I am benefiting from the resistance and the “personalized act[s] of labor dedicated to communal protest,” which are so often being transmitted through links—nudging me to recognize that now is not the right time to leave social media

The link-driven resistance is not a bunch of “liberal lawyers,” as the New York Times might argue. It’s about sharing stories to bend the arch of justice toward a shared sense of ethical humanity.

I will continue to actively link with the resistance by writing personal op-eds and showing up at town halls.

I will continue finding Finding Delight’s Wednesday links post through social media. It’s important to be connected these days. 

So, for the sake of theme and the goal of promoting a shared sanity in these harsh times, here are some other, more specific hyperlinks that you might also find helpful:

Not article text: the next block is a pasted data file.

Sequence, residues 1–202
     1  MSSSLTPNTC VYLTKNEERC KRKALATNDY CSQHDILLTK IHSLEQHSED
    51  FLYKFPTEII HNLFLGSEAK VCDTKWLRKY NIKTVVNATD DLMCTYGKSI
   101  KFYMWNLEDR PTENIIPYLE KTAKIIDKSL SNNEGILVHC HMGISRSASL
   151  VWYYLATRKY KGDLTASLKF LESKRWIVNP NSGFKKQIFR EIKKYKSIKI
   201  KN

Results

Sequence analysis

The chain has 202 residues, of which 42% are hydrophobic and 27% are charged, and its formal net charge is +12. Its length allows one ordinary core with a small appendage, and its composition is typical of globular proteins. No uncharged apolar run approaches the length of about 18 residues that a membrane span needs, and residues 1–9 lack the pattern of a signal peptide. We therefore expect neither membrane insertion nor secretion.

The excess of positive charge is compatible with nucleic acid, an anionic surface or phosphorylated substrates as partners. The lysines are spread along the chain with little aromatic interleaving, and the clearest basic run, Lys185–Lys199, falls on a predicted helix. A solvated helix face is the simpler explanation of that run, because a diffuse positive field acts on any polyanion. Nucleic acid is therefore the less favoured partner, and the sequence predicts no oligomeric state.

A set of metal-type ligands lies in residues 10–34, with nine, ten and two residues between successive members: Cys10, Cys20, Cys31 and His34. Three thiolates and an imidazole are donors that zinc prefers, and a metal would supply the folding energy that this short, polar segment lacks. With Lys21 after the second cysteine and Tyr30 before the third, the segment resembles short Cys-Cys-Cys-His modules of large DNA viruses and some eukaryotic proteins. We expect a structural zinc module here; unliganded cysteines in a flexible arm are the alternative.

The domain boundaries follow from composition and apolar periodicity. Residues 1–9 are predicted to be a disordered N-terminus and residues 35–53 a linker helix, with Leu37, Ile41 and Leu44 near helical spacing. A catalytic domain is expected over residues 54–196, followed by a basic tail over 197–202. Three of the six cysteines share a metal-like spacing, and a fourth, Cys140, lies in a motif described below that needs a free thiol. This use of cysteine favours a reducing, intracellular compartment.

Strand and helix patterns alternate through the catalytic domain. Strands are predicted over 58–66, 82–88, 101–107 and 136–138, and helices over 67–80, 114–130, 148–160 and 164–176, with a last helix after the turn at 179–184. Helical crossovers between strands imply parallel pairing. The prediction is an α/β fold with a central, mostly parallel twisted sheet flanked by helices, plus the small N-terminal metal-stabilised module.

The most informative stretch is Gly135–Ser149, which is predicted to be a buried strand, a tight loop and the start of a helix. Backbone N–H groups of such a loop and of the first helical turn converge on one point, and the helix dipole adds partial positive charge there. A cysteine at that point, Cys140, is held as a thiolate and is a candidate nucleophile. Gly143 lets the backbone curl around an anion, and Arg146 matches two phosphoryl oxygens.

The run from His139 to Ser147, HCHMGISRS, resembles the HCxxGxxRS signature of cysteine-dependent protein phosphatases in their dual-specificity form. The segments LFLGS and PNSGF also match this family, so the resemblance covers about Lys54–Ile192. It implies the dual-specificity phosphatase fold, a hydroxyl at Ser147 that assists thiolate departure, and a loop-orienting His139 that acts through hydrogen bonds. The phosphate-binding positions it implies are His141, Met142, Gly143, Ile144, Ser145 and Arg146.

Anyway, with that, I hope you “like” this Wednesday’s links post. And I hope you “like” other peoples’ links too—it’s critical for us to lift up and recognize individuals and institutions when they’re focused on promoting truth.

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Girl Crush: Sarah Koenig

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I’ve been a long-time lover of This American Life but recently my girl crush on staff producer Sarah Koenig has been through the roof! A few weeks ago, TAL aired an episode that also served as the first episode for a spin-off podcast called Serial. I was immediately hooked. Sarah’s poignant journalism and writing is unparalleled. Over the course of the season, Serial is unfolding just one non-fiction story–in this case, a story about a murder and high school sweethearts and a man’s claimed innocence. Basically, a tale you want to tune in for.  And they promise to keep telling the story until they “get to the bottom of it”.